Glendon has plans to expand its school of public affairs, which will be the country’s first fully bilingual graduate school in this area. It also has plans for a bachelor of education program to train French immersion teachers and a bilingual international BA.  

More independent directors not the answer to governance problems

It is generally agreed that unrealistic expectations are imposed on the concept of corporate board independence, wrote Edward Waitzer, who holds the Jarislowsky Dimma Mooney Chair in Corporate Governance at York’s Osgoode Hall Law School, in the National Post Feb. 28. The Wall Street Journal recently noted the fact that 85 per cent of corporate members of the US Business Roundtable have boards with 80 per cent or more independent directors – implying that independence was a sufficient safeguard for shareholders. The fact that Enron and WorldCom had super-majority independent boards seems to have escaped the editorialists’ notice, as have the recent scandals over options backdating, which show that independent directors were as culpable as their insider counterparts, continued Waitzer, who is also a partner in Stikeman Elliott LLP and a former chairman of the Ontario Securities Commission.  

The ideal board member is intelligent, committed and willing to ask tough questions, but also able to work collegially with management. She should bring to the boardroom business expertise and the capability to focus, in a single-minded manner, on the shareholders’ best interest. Attempts to objectively define "independence" do a disservice to the goal being sought. The term "independence" should go beyond measuring financial ties to a company or its management (or controlling shareholders) and extend to one’s state of mind and conduct – the willingness to bring a high degree of rigour and sceptical objectivity to the evaluation of management and its plans, wrote Waitzer.  

Student studies effect of climate change on Arctic wetlands

The Toronto Star profiled York student Anna Abnizova in its Deep Thoughts column Feb. 28:

Program: PhD candidate in geography at York University.

Thesis: Ecohydrology of High Arctic wetlands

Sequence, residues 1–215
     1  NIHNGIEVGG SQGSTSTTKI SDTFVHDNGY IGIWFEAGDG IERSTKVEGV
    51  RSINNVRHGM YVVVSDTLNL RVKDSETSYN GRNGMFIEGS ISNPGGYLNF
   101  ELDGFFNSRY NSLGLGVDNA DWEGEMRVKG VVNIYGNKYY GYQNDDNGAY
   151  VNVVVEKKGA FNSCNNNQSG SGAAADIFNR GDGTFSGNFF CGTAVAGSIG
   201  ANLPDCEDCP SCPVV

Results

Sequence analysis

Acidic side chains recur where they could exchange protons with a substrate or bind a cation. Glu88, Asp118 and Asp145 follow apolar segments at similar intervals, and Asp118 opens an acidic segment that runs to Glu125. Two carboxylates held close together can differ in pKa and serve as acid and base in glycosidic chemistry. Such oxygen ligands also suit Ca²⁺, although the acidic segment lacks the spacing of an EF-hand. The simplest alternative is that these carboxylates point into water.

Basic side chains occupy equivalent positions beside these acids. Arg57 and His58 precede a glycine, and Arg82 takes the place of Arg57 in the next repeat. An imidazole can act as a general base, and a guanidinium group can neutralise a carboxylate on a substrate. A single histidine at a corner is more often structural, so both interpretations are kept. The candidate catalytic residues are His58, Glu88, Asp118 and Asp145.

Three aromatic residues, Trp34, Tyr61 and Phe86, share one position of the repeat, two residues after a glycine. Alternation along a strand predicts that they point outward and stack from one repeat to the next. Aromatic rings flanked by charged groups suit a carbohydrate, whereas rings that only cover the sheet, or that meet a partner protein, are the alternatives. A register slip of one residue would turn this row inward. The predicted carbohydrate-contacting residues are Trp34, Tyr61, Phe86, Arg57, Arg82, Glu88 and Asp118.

The work: "Our research focuses on improvement of knowledge of ecohydrology and conservation of wetlands in the High Arctic," Abnizova says.

Background: The Arctic environment is very sensitive to climate change and acts like a barometer for the rest of the world. In addition, "Arctic wetlands are important niches where northern forms of fauna thrive," Abnizova says. For example, the Polar Bear Pass, on Bathurst Island in Nunavut, is home to more than 30 species of birds as well as muskox, caribou and of course polar bears.

Drying up: Recent studies show ponds are disappearing in Russia and Alaska, owing largely to the direct and indirect effects of climate change. The loss is devastating to the wetlands and animals in the region, and makes it harder for researchers to figure out what, if anything, can be done to prevent more wetlands from drying up.

Inputs and outputs: Abnizova measures what goes into the pond, such as melting snow and rain, and what goes out via evaporation, drainage into other bodies of water, and seepage into cracks formed by thermal contractions in the semi-frozen ground. She can see how the pond will react to differences in any of those inputs and outputs owing to climate change. The impacts of climate change take decades to fully assess, but she hopes her study will at least provide a hint of what is happening at the Polar Bear Pass.  

On air

  • Peter Victor, economist and professor in York’s Faculty of Environmental Studies, said people have difficulty seeing how to make changes that make a global difference, in a discussion on BC’s carbon tax, on CBC Radio’s “Ontario Today” Feb. 27.